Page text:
This doesn’t mean that it’s the hottest part of her. Other parts are covered in a thin layer of fur, and even that is enough to reduce the amount of body heat she radiates, as it traps some of that heat against her skin where the camera cannot “see”. Her extremities are quite cool, which probably does reflect her skin temperature in comparison to, say, her back, which also has a thin layer of fur.
The second picture is of Kivi in the same environment, who has a great deal of fur. His body has a lot of blues and greens, indicating he is radiating less heat than Kestrel is. This is the whole point of dense coats. His cooler coat does not mean he is cooler at this moment. It means his coat is doing a great job of trapping his body heat well away from the air and not a lot of heat is escaping from his body.


If the ambient temperature were a lot warmer, would this change his thermal image? I can’t show you an example, but yes, it would, to a degree. For example, if he stood in the sun, it would warm up his coat. Would that mean his skin and body were also warmer? Probably to some degree. We can see that some heat at least can escape his coat, so presumably, it goes both ways.”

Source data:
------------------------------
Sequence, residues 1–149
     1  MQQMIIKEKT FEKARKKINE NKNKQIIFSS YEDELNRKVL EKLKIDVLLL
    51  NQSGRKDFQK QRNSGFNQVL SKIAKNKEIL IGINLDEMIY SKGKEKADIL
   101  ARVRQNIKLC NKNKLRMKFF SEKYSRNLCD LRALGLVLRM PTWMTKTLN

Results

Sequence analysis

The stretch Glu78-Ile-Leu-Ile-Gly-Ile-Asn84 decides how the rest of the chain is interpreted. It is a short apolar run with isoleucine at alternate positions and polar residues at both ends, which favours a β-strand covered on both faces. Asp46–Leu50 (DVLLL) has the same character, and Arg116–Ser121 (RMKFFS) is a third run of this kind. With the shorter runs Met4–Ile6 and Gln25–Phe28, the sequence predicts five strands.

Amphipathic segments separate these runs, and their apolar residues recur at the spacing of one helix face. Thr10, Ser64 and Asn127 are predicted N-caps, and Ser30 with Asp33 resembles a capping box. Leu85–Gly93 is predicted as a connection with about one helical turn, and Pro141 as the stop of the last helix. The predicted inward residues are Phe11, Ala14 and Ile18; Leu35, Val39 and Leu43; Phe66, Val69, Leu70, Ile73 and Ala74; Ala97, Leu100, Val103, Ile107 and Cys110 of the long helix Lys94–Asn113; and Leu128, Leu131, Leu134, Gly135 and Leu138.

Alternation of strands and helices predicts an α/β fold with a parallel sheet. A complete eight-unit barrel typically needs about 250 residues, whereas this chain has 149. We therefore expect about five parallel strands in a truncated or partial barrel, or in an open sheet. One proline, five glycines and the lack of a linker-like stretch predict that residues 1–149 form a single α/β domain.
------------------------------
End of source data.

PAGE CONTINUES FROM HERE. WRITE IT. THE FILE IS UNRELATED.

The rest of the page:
( many thanks to Melissa for allowing me to use her pictures and texts. Visit her Facebook page about canine behavior )

Another interesting fact during the discussions is that all the claims only apply to so-called double-coated breeds. Apparently clipping a poodle with a 5F or stripping a border terrier down to its undercoat is fine – but loads of bad things will happen if you clip a “double-coated” breed. The logic is gone – they are all dogs and the same rule for thermal regulation applies to all of them – so-called “ double-coated” breeds are no magical creatures that have their own set of rules.

So what is right? Will they die from heatstroke if we clip them as we mess up their thermoregulation? Will they get burnt by the sun and get skin cancer? Are we causing them unnecessary suffering if we clip them? And will the coat be destroyed and never grow back again?

As a former vet nurse now grooming my world is ruled by scientific facts – not myths/old housewife tales – so I decided to dig into the subject from the scientific point of view – gathering facts produced by professionals rather than from various written pieces from laymen like dog rescues or Jane Doe that decided that they wanted her 15 minutes of Facebook fame.